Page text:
My initial memories of Aunt Mary Kate date back to when my grandfather was alive. We’d sometimes cut through the field on our way to or from the post office so we could pay her a visit. But my most cherished memories came later. Early in my career, I worked a two-year stint in tech marketing. I was still living in Delaware at the time and most of my customers were located in North and South Carolina. Aunt Mary Kate and a number of other relatives were conveniently positioned between the Raleigh-Durham airport and a carpet mill I called on in Aberdeen, NC. As you might imagine, I tried to fit in visits with my kinfolks as often as possible. Although I got to see her at other times over the years, the one-on-one conversations during business trip stop-overs were among the best.

Aunt Mary Kate was always delighted to see me and welcomed me into her tiny dwelling with a big smile and a warm hug. The walls of her sitting room were lined with photos of family members. She’d take time to tell me about first one and then another, beaming with pride as she recounted accomplishments or pointed out new babies.


Probably the most beautiful of Aunt Mary Kate’s material possessions. She wanted her namesake, my daughter Mary, to have it.


Based on her demeanor, you would have thought she lived in luxury, lacking nothing in terms of worldly comforts, but that was far from the case. Yet my mom attests to the fact she never heard her complain, in spite of her meager means and being widowed so young and losing a beloved 18-year old great-grandson to an auto accident.

Though I’m sure she had moments of doubt and great sorrow, I never heard her grumble either, hence I always think of Aunt Mary Kate when asked for an example of contentment. Because contentment is about what’s on the inside. It’s not about our surroundings or our circumstances or the value of our possessions. Nor is it an emotion. “It’s a state of being, anchored firmly in the confidence that God is sovereignly working out the details of our lives, moment by moment from beginning to end.”[3] That’s why Paul could say he’d learned to be content in any and every situation – the reason for his hope and the guarantee of his well-being, both temporal and eternal, rested in One who never changes.[4] The same One Aunt Mary Kate loved and trusted.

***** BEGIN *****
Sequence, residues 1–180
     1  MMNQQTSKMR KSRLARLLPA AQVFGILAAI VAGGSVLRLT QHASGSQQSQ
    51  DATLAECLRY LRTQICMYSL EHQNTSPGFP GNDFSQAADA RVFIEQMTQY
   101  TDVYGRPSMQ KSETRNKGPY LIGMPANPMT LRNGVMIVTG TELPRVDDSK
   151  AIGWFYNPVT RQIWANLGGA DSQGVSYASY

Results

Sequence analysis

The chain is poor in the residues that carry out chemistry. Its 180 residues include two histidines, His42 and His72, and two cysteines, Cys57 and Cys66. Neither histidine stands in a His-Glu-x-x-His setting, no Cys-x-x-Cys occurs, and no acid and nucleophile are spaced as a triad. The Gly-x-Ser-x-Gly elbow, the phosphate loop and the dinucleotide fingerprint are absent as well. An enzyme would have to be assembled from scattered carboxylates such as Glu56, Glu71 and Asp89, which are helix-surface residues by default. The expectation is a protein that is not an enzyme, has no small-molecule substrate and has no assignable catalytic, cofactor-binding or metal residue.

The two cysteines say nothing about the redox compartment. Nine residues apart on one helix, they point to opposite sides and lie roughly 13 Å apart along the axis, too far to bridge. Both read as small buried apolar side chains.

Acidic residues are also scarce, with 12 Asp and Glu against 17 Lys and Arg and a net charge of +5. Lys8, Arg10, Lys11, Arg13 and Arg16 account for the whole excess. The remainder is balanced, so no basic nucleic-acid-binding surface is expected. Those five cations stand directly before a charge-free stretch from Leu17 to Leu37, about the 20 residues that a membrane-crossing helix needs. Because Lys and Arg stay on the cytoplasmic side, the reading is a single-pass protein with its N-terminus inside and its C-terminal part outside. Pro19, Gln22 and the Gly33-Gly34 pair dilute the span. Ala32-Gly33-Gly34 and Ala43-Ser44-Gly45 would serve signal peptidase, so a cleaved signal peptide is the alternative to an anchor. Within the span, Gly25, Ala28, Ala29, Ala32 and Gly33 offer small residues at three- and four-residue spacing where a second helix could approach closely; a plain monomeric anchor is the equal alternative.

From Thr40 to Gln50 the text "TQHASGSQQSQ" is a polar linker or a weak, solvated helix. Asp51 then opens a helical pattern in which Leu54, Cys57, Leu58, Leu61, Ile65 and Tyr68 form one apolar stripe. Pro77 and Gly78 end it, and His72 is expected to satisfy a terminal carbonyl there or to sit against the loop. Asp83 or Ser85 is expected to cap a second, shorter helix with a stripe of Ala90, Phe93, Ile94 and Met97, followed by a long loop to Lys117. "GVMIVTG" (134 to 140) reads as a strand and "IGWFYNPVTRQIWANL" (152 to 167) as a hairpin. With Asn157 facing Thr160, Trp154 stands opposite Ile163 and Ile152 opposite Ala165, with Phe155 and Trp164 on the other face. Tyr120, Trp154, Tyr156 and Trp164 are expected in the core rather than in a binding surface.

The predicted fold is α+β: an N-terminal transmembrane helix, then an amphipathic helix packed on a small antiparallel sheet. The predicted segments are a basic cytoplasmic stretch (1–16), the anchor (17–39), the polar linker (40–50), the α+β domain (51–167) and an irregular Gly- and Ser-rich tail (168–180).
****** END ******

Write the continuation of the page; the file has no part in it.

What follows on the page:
I believe thankfulness is a key component of contentment. Sometimes I’d stop by the small general store near Aunt Mary Kate’s house and pick up a Co-cola and a moon pie for her. If you’d seen her smile and heard her expressions of gratitude, you would have thought I’d given her something much more expensive. But the love given and received in those exchanges made the gift priceless. It’s a love that still touches me today and led me to name my firstborn after this dear, godly woman.[5]


Aunt Mary Kate, 84, holding baby Mary, her 9-month old namesake. Taken August 2, 1987 on the porch of Aunt Mary Kate’s home.



I like to imagine visiting Aunt Mary Kate’s heavenly abode. I hope it will have a porch and a couple of rocking chairs where we can sit together. I look forward to seeing her sweet smile again. I know I will for Jesus has gone ahead to prepare a place for us and has promised to return and gather us to himself, FOREVER. [6]

In the meantime, may we be content, rejoicing always, praying continually and giving thanks in all circumstances; for this is God’s will for us in Christ Jesus,[7] the One in whom all God’s promises are “Yes”.[8]


[1] Philippians 4:11-12

[2] See “Eating apples”, in Archives, October 2015

[3] Pastor Ben Duncan, Grace Covenant PCA, Dallas, GA, sermon “The Secret of Contentment”, July, 17, 2016

[4] Hebrews 13:8

[5] My daughter, Mary Elizabeth, is named after Aunt Mary Kate and my sister, Mary Jeannette, who died in infancy.

[6] John 14:2-3

[7] 1 Thessalonians 5:15-18

[8] 2 Corinthians 1:20